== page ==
A Letter to the Kingston Community 2022

Peter Buffett
6 min readAug 4, 2022

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Last year I wrote a letter on behalf of the NoVo Foundation because several questions and concerns were raised about NoVo’s presence and intentions in and around the City of Kingston.

This letter is a continuation of our commitment to strengthen dialogue between NoVo and the Kingston community. As are the ongoing Thursday Zoom conversations that began in September of 2021. We’ve also had conversations with various community members in a variety of ways throughout the year. All of these will continue. And we’ll always be looking for more ways to bring more voices into conversations — with us or with each other.

NoVo has no interest in centering itself or claiming to have the answers to every problem we face. We need to hear from people to improve our work. Work that is attempting to respond both thoughtfully and urgently in an incredibly uncertain time. We can’t be a solution to every problem. But we can continue to listen and learn as well as contribute what we’ve learned — and patterns we’re seeing — over many years and across a wide variety of grants and partnerships, locally and throughout the U.S.​; always drawing on and centering the lived experience of those closest to the problem. Together, I believe we can find solutions to some difficult issues. Often it will take time and patience. Things that don’t feel in ready supply in this moment.

We are beginning to feel the shocks that were all too apparently coming. Communicating with likeminded people as well as across seemingly intractable divides needs to happen. Not in an attempt to all get along but to possibly gain a better understanding of the necessity and complexity of being in relationship with each other as we all navigate very unpredictable waters.

We must also build up local infrastructure that can withstand the most difficult times still ahead. We applaud the City of Kingston and Ulster County for their efforts to strengthen key municipal infrastructure, including water and sewer upgrades, and a movement towards energy resilience. NoVo is committed to bringing the resources it can to help the community continue to prepare for the future.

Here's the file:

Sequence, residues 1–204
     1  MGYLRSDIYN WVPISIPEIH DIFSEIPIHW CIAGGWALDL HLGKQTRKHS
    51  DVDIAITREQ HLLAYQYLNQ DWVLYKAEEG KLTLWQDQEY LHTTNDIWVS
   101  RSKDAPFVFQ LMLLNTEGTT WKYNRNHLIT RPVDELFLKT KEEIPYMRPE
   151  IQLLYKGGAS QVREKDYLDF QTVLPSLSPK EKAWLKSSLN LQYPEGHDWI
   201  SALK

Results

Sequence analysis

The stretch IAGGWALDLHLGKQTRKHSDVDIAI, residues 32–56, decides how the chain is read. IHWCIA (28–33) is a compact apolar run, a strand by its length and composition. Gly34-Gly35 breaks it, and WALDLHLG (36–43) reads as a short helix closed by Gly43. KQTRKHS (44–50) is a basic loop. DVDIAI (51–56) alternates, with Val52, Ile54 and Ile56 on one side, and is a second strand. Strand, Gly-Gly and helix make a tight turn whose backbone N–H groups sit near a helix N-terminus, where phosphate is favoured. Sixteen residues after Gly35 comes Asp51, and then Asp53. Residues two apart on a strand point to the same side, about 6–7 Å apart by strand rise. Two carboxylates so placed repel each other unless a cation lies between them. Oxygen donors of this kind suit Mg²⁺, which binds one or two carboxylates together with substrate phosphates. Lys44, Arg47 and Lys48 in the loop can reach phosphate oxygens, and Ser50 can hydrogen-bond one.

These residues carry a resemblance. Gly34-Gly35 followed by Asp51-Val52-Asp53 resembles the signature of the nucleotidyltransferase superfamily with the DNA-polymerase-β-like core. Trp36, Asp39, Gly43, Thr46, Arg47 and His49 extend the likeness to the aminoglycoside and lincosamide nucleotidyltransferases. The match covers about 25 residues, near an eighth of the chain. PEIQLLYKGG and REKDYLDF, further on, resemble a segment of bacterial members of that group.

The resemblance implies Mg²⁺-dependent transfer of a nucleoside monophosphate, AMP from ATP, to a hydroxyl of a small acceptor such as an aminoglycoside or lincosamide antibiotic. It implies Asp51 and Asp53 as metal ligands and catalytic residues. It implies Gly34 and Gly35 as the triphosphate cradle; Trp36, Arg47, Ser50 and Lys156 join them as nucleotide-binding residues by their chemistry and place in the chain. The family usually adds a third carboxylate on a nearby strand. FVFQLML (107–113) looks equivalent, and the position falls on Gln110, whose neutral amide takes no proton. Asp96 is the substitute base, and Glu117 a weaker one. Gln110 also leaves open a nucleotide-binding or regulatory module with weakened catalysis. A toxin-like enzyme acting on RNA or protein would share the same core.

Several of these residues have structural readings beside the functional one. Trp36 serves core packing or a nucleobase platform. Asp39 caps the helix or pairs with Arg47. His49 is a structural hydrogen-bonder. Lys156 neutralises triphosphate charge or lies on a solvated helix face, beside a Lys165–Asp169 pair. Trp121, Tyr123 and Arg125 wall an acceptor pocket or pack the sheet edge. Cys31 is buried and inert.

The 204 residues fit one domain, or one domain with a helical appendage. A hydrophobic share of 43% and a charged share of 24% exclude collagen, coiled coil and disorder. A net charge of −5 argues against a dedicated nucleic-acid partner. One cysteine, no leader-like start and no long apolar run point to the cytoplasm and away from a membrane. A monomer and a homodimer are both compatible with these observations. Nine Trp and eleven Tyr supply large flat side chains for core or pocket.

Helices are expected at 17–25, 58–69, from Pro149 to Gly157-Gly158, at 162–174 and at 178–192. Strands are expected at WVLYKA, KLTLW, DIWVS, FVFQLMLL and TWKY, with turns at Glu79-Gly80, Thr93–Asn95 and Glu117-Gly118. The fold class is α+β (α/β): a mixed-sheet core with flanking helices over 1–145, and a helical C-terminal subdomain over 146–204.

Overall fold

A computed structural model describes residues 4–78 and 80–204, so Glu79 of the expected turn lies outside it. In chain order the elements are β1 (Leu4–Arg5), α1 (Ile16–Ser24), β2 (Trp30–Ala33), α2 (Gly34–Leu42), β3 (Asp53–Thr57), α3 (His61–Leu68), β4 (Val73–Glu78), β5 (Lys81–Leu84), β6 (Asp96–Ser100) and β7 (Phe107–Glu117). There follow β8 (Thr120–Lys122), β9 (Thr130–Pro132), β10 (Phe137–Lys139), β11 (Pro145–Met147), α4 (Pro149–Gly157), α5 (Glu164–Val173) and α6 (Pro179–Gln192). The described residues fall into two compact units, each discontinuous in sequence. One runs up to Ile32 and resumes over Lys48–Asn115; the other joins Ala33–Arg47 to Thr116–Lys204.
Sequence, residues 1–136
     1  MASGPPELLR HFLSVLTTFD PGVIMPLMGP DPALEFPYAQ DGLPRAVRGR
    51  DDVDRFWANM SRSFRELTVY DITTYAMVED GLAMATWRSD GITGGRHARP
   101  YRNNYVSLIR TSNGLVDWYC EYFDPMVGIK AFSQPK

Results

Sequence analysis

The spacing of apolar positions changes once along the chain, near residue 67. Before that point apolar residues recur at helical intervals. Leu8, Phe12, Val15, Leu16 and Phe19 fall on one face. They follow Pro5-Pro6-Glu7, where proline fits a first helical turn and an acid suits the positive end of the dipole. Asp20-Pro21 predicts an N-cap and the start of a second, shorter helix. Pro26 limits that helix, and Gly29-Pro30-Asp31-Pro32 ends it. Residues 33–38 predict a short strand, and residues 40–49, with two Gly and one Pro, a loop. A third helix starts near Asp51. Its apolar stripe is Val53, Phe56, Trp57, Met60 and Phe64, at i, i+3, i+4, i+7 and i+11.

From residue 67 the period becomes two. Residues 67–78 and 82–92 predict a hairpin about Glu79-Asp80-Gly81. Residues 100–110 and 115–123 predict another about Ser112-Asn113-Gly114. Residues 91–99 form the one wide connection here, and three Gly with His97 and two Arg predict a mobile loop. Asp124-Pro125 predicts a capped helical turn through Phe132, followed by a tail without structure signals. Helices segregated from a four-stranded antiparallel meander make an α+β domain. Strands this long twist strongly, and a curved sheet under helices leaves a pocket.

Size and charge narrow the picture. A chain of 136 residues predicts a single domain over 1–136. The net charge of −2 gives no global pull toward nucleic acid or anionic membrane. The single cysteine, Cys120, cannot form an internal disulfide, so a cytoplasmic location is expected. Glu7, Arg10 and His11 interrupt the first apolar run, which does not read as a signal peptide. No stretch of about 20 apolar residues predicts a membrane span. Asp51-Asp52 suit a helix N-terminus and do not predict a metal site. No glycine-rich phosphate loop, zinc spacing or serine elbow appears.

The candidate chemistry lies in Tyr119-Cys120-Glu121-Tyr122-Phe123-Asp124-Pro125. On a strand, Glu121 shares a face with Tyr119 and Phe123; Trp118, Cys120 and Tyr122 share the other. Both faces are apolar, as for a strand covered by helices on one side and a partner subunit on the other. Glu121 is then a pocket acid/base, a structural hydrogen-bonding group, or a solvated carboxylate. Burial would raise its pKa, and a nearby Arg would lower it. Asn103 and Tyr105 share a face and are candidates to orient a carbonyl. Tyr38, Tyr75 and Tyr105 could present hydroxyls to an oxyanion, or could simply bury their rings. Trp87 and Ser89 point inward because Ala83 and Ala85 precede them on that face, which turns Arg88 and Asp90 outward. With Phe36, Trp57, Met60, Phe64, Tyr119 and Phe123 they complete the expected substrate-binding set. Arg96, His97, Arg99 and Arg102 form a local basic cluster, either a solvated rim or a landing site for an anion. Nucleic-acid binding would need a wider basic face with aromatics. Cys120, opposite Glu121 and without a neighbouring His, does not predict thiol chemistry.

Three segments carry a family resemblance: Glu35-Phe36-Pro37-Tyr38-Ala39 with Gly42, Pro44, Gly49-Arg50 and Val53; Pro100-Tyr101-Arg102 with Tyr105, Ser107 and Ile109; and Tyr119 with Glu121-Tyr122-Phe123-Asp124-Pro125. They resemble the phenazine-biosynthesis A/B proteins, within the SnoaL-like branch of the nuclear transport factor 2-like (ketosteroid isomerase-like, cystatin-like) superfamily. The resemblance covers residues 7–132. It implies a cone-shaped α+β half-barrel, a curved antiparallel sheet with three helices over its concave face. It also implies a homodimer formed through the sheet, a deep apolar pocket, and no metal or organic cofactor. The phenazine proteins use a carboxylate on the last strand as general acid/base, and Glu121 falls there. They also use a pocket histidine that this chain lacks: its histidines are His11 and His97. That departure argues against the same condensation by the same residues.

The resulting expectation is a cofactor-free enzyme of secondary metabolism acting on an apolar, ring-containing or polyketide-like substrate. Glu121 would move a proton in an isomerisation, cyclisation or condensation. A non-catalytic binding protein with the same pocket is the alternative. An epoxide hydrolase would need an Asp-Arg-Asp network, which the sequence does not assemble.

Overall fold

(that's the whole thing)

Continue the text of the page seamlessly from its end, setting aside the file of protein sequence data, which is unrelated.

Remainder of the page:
Some of this infrastructure is already in place, like the Hudson Valley Farm Hub, now in its 8th year of operation since transitioning from a conventional farm operation to a non-profit agricultural center and organic farm. The farm’s rotation includes small grains, dry beans, vegetables, cover crops, soy and corn. Last year the Farm Hub donated 300,000 pounds of produce into the emergency feeding system and produced well over a million pounds of grains that were distributed into regional markets. In addition to food production, the Farm Hub is supporting the development of a localized food system through on-farm research and demonstration, farmer training, and a range of mission-aligned programming. The local food system will benefit from another resource currently under development — the Kingston Food Co-op’s design and building process is well on the way now that members have selected an architecture firm to help bring the vision of a community-owned grocery store to life, where local residents have access to high quality and affordable food grown and produced right here in the Kingston area.

Radio Kingston, WKNY, will be celebrating its 5th year as a non-commercial, community station with over 50 locally produced weekly and daily programs. In addition to serving as a platform for the diverse voices of Kingston to come together, Radio Kingston has become a core resource for other organizations and local government to share vital information through their technical support, both on-air and through social media via live video.

Most recently, we celebrated the opening of the Broadway Bubble, an affordable laundromat operated by Kingston Midtown Rising. In addition to offering low-cost laundry services, the Broadway Bubble and adjacent Community Hub space, opening in Fall 2022, will host children’s programming, educational and career services, financial literacy, housing counseling, and other free community programs and services.